When Prime Minister Narendra Modi began his second tenure in May 2019, he placed emphasis on achieving the ambitious target of turning India into a $5 trillion economy by 2024.
With the target of $5 trillion economy in mind, Modi 2.0 set up a task force which led to the formation of the National Infrastructure Pipeline (NIP).
India needs to spend about $1.4 trillion (Rs 100 lakh crore) over these years on infrastructure, NIP said in a report.
"Sectors such as energy, roads and railways would amount to around 70 percent of the projected capital expenditure in infrastructure in India," the report said.
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However, the Economic Survey 2019-20 states the growth of infrastructure/ construction goods declined by 2.7 per cent in the financial year 2019-20 (April-November).
As investments slowed down during 2019-20, pace of road construction took a hit. The Ministry of Road Transport and Highways said only 8,784 km of highways were constructed between April 2019 and February 2020, far from the target of 11,000 km for the year 2019-20.
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"The lockdown has adversely affected movement of labour, construction equipment,trained operators and specialised service technicians," said PC Grover, Directorate General, National Highway Builders Federation (NHBF).
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According to government data, nearly 61 percent of the ongoing projects are delayed. Also, due to the COVID-19 crisis, investment in infrastructure could be further affected.
"One of the immediate priorities is to ramp up the level of private investment playing in the infrastructure space from the present low levels of around 20 per cent. The government needs to undertake policy and regulatory reforms to ensure a fairer allocation of risks and rewards between public and private investments in infrastructure projects," said Elias George, Partner and National Head - Infrastructure, Government and Healthcare, KPMG in India.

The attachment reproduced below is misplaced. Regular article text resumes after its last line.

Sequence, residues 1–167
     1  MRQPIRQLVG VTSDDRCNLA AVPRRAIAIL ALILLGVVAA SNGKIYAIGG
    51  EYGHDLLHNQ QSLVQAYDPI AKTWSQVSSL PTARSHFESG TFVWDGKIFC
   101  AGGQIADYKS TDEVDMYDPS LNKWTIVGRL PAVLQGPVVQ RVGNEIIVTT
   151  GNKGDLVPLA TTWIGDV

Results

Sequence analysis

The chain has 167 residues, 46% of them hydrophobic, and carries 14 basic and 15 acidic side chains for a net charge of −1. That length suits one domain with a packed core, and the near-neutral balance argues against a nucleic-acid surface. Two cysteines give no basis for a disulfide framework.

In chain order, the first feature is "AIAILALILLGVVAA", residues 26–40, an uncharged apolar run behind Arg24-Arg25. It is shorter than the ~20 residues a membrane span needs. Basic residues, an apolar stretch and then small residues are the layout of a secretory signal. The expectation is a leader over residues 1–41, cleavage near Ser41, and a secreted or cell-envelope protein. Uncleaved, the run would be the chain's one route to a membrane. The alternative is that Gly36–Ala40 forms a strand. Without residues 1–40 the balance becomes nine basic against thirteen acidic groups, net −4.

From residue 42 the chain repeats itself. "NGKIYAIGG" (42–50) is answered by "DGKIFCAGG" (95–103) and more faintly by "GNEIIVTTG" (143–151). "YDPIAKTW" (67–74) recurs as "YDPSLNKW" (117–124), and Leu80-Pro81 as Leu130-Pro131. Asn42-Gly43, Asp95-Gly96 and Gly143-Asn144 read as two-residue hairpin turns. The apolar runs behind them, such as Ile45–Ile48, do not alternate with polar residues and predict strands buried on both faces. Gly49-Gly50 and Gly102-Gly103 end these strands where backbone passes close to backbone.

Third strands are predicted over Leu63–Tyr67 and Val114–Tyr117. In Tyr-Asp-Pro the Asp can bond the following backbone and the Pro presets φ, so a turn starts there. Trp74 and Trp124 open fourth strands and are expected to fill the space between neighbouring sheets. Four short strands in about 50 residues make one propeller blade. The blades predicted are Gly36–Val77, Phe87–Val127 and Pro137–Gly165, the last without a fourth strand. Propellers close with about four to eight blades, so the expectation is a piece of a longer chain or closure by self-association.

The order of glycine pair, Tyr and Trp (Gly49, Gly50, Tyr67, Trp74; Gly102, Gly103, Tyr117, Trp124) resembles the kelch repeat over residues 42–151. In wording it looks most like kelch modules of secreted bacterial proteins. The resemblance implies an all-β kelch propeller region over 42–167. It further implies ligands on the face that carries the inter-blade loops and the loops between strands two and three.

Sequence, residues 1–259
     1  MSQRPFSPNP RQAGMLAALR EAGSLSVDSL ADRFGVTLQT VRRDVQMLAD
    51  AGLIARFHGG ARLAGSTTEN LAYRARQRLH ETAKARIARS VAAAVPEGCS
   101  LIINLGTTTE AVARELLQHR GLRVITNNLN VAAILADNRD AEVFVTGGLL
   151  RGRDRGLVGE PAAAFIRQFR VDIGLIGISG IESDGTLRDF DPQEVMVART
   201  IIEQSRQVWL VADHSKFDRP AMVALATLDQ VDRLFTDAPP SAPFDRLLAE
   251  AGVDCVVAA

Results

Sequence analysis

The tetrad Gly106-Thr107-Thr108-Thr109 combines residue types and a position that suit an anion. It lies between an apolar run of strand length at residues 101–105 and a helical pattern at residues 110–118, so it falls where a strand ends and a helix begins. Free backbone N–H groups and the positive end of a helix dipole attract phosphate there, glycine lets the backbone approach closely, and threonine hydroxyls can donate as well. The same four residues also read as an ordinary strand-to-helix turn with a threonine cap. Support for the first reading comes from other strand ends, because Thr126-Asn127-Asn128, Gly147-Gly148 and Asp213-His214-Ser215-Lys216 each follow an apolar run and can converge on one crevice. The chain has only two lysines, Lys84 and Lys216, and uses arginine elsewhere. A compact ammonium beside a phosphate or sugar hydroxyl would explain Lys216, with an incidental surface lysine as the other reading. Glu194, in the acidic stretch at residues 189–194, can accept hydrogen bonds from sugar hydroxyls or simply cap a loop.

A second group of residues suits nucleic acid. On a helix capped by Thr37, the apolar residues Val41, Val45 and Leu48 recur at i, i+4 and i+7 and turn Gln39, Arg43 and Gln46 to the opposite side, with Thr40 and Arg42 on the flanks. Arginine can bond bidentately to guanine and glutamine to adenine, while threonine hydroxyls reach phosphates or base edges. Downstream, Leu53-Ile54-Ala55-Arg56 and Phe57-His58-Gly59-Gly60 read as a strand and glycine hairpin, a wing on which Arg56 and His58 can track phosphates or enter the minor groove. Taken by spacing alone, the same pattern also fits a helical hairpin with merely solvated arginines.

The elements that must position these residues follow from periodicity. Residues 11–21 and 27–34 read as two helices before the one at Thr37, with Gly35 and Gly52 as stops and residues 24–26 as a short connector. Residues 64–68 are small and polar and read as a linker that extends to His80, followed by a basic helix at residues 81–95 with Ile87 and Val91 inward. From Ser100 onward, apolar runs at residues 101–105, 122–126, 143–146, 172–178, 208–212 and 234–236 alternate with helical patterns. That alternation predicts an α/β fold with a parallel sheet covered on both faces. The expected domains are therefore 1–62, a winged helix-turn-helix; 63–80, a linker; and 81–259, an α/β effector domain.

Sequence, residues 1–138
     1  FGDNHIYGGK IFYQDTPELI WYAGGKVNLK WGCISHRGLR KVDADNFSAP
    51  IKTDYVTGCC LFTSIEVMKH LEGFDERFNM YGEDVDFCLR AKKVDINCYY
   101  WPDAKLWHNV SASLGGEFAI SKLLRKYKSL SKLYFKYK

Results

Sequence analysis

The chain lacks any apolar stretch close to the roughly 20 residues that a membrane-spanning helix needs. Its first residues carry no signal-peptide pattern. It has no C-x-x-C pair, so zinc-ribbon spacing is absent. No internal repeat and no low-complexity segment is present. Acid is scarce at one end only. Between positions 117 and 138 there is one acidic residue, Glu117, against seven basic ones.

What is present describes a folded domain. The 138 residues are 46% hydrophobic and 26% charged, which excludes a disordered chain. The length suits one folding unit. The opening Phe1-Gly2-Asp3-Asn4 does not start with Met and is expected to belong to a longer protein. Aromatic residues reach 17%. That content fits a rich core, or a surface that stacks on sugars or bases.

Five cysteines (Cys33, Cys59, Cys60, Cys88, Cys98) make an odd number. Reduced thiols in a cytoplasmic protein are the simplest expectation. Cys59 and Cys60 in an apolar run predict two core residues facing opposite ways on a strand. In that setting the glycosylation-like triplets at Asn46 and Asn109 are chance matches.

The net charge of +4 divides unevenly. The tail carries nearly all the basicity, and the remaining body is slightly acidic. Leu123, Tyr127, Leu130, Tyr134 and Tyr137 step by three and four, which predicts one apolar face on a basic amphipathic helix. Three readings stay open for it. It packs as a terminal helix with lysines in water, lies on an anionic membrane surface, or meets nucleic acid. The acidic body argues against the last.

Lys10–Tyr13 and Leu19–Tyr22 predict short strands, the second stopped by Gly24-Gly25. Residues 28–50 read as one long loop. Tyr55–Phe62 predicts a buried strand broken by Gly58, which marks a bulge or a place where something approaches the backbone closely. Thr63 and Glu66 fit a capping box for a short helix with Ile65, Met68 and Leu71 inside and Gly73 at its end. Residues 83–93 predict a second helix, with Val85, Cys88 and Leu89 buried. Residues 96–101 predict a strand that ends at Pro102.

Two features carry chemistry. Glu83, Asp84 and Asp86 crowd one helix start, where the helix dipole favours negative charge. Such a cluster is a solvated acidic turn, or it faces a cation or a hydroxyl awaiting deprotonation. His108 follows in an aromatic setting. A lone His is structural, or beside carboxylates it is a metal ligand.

The government has announced a clear intent to improve the policy and regulatory architecture for ensuring more viable and sustainable PPPs in the infrastructure sector. However, land acquisition and other costs remain high, leading to higher debt.
The total debt of the National Highways Authority of India (NHAI) went up by nearly 9.5 times to Rs 2,28,252 crore in February 2020, from Rs 24,188 crore as on March 31, 2015. There are concerns that debt repayment, pay-out money involved in arbitration, higher levels of construction and cost thereon might aggravate the situation.
The infrastructure industry's major expectation is the strengthening of the NBFC architecture since they are a key source of funding for infra play in India, according to George from KPMG.
It is also expected that government will focus on flagship sectors like renewable energy transition, urban mobility, the distressed aviation space and other key sectors.Read our complete coverage of Modi 2.0 first anniversary here